David Mcalavany : I know things have changed since the days of the 1920s in Germany, but money printing was a solution then. Havenstein decided that as prices increased, it made sense to just create more money to accommodate the increase in asset prices so that people could afford more. Of course, that was a self-reinforcing mechanism. At what point do you get off of this particular track, the “exit strategy?” How do you implement that?
Marc Faber : The fact is, already, if we look at the economy of the middle class in the United States and the working classes, then in real terms, in other words, inflation-adjusted, and these are inflation-adjusted figures, as used by the government, which actually understates the cost of living increase, if we look at just these figures since 2000, real per capita income for the median household has gone down.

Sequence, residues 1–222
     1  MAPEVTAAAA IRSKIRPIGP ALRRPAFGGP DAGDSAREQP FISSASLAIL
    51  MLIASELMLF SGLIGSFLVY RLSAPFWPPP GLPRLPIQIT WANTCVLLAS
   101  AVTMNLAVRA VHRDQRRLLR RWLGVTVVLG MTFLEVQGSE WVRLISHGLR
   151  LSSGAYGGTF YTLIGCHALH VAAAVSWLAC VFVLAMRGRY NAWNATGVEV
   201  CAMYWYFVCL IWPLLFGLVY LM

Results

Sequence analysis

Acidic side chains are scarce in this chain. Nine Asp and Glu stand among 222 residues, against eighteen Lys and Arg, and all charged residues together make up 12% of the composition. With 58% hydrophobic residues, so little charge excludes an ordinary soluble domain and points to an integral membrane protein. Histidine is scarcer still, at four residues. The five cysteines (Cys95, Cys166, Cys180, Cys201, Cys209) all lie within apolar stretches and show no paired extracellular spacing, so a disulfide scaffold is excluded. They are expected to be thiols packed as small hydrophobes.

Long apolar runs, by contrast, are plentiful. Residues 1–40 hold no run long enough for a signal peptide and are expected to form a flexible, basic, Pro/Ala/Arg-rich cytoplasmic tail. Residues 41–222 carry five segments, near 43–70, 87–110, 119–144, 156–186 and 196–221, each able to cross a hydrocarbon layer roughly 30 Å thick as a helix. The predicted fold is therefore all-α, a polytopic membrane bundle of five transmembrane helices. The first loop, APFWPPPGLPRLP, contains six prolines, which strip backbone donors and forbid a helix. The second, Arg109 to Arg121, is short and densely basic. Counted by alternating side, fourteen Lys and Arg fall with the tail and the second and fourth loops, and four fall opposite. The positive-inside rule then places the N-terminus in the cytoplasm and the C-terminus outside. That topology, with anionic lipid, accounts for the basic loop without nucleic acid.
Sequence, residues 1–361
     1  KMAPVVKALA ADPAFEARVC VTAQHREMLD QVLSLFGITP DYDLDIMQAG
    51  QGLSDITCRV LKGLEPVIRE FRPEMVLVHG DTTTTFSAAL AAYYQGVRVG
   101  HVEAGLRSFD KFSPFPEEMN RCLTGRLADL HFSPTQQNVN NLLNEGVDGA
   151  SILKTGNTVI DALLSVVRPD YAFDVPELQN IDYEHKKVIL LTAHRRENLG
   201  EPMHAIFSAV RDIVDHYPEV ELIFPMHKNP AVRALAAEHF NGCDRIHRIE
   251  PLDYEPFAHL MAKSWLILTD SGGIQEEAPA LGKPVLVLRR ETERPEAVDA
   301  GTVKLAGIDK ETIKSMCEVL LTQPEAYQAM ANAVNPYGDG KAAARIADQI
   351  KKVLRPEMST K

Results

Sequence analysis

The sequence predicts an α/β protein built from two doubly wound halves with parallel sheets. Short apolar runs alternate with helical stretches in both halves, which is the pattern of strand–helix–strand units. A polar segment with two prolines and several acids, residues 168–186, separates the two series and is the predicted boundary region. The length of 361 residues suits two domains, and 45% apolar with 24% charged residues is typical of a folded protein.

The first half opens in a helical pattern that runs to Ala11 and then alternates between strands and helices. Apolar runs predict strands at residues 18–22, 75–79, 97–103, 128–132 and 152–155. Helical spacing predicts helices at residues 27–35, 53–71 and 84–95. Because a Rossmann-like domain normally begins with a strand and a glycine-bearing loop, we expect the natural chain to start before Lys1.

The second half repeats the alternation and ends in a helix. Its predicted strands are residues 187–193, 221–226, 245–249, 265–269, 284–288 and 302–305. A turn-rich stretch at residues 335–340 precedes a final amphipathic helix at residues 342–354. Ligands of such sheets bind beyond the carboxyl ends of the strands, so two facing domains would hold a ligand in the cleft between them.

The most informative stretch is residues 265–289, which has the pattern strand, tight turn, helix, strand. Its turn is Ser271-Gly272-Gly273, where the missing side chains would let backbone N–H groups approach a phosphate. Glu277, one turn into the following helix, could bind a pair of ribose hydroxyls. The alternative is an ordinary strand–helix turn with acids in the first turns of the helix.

So it is already evident that the money that is being printed doesn’t flow evenly to everybody. It flows mostly to people close to the source of the money, and these are financial institutions, hedge funds, insurance companies, funds managers, and well-to-do people. That is why last year in the Hamptons real estate prices rose 35% to record highs. That’s why high-end London properties are at records, but in other parts of the U.S., real estate prices, although they have recovered somewhat, are still way below the 2007 peak.
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